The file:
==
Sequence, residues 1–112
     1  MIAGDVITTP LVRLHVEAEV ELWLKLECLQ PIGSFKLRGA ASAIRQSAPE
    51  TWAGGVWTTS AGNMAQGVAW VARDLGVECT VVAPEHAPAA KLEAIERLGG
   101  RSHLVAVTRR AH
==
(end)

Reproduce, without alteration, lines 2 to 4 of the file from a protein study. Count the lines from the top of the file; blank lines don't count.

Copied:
     1  MIAGDVITTP LVRLHVEAEV ELWLKLECLQ PIGSFKLRGA ASAIRQSAPE
    51  TWAGGVWTTS AGNMAQGVAW VARDLGVECT VVAPEHAPAA KLEAIERLGG
   101  RSHLVAVTRR AH